#1
Me and my band are recording in about 2 weeks.

Our producer told us, to practice with a metronome.

To play with dynamics.

To make sure not to strum insanely hard.

To make sure the technique is well played

To Change the strings a week before recording

To change the drum heads too

For our singer to keep hydrated

To avoid using the pedalboard in the recording as the effects at the mixing stage are cleaner and more versatil on the overall tone.

So far, we have made sure to practice all of our songs to a metronome during every rehearsal, and we can do it now. However, I am wondering what else I should keep in mind.

I have also been thinking of getting an Evidence Audio Lyric HG cable, however I wonder if it will make a noticeable difference in the recording to justify its insane price. I heard raving reviews on it.

Also in our songs we do a lot of pickup switching live. Am I supposed to do that recording as well?


Please help me out. I want the recording to be as good as possible
#2
actually me and my band are lookin into gettin studio time

im a strong believer in sounding the same live as you do in the studio so yeah i think you should do the pickupswitching
Frontbassman sucks in the nicest way possible

Kevin and Kelsey 12-03-2007

#3
Basically do exactly what he has said.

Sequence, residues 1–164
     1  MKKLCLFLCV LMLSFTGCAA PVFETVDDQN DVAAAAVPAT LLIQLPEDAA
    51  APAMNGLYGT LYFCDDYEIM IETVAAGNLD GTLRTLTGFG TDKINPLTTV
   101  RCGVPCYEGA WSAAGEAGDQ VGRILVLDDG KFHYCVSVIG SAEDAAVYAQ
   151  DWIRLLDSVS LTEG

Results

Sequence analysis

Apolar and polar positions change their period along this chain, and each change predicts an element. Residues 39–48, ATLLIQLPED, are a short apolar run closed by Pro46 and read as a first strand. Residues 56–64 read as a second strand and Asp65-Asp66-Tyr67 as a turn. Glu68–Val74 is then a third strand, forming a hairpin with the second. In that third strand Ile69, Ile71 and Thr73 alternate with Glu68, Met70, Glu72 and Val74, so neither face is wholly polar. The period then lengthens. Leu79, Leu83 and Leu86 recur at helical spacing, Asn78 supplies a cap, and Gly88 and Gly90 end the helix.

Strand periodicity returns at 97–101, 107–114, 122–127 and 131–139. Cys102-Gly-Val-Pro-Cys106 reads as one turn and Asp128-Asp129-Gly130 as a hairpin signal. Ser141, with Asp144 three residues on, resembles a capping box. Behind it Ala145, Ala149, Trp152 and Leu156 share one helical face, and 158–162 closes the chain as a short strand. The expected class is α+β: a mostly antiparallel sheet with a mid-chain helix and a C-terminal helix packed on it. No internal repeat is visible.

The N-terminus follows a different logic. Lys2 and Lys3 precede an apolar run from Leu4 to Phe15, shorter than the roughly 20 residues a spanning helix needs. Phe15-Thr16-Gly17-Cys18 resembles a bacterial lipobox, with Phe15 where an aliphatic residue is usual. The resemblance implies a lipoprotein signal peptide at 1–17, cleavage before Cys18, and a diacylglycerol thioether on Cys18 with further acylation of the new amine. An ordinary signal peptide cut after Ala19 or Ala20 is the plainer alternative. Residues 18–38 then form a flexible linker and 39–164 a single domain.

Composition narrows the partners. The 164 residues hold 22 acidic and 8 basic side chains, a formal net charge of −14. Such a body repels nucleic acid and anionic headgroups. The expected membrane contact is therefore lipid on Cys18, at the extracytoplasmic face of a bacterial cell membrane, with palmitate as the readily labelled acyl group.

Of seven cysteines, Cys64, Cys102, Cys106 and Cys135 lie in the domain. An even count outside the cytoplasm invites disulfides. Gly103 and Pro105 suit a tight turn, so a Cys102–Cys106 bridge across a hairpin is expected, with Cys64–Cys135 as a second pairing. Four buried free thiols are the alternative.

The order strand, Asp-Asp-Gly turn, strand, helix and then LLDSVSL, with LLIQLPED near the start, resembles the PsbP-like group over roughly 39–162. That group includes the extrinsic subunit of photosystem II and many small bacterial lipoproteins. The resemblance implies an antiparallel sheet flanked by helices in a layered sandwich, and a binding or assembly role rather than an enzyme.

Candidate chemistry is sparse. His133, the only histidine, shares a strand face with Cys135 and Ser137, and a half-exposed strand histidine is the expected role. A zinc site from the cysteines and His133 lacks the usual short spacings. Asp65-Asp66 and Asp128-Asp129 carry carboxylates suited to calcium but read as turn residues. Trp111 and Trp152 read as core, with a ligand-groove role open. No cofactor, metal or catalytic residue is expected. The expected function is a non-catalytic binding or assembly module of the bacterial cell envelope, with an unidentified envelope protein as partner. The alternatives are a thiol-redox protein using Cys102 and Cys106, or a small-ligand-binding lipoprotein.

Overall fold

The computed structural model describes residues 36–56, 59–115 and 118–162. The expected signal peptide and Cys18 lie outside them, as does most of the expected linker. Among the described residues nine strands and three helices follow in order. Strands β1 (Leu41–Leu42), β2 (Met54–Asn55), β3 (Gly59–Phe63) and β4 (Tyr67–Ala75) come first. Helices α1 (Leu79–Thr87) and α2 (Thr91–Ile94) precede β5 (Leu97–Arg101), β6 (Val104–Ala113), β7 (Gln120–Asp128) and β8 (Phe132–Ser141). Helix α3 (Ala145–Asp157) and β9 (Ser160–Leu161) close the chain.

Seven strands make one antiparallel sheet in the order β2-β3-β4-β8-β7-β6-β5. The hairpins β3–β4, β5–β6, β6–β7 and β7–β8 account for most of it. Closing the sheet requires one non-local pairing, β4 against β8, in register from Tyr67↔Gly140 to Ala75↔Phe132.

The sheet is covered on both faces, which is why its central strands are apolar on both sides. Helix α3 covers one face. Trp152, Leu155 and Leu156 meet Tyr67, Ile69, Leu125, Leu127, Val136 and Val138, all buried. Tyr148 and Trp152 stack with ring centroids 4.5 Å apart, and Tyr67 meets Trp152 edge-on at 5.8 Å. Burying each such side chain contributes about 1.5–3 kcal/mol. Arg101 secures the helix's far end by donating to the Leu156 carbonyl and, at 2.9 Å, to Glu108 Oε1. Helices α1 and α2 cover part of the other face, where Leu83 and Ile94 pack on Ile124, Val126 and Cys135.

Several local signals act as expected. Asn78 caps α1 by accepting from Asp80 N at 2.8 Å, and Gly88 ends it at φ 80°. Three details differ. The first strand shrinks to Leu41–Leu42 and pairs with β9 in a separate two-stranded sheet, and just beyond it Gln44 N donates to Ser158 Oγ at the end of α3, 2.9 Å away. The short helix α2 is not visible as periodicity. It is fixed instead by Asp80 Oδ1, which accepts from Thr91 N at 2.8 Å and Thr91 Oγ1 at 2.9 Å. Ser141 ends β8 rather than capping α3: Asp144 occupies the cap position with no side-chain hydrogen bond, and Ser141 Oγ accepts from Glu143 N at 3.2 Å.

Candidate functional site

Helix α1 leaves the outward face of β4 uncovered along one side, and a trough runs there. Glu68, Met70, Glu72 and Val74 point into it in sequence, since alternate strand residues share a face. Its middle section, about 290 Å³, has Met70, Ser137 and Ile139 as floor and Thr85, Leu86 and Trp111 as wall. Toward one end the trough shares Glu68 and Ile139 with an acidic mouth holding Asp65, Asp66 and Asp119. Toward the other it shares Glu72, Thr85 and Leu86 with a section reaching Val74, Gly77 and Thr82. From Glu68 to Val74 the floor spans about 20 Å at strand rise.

Except I disagree with him on the topic of post-effects. If you have great pedals (delays, verbs, wah etc.) tell him to **** himself and use them in line. Whilst you can get a good overall sound out of post effects I've found they come out sounding incredibly digital and they also take a lot more mixing time, thus costing you more money.

If you have **** pedals, ignore the last paragraph.

If you're tracking live, you will have to do your pick-up switching live. If you're layering you can just separate all the parts by what pickup combo your using and track them separately.

Don't buy a cable, the studio should have all your cable and connection needs.

Aside from that, I suggest you create a sound map of what you want to achieve i.e. just list the dynamics you want applied to various parts/songs and give this list to your producer. The more concise you are with him about the desired result the happier you'll be with the sound.

AND finally...

**** all of this technical bull**** and have fun
This water's dark and coldGod's not where you hopedThis moment come and goneIt's time we all moved on
#4
Both of you are very helpful

As for the pedals I use a bunch of Electro Harmonix. If I were to use my pedals, the ones I use on the songs im gonna record are

Electro Harmonix Stereo Electric Mistress
Electro Harmonix Big Muff USA
Electro Harmonix Small Stone
Electro Harmonix Holy Grail plus
ISP Decimator
Tc Nova Delay

I never use more than three of those at once, with the decimator being one of the three I use all the time to minimise noise.

Are those pedals, good enough for recording? They are all true bypass and stuff.

As for the cables then. Is that then a No No? I hear great things about the evidence audio cables. Right now I have livewire on my pedal board. I wonder if the upgrade will make a difference.
#5
That pedal set up will do fine in a studio environment. You won't need the decimator, they should have a rack gate of some description to get rid of the noise.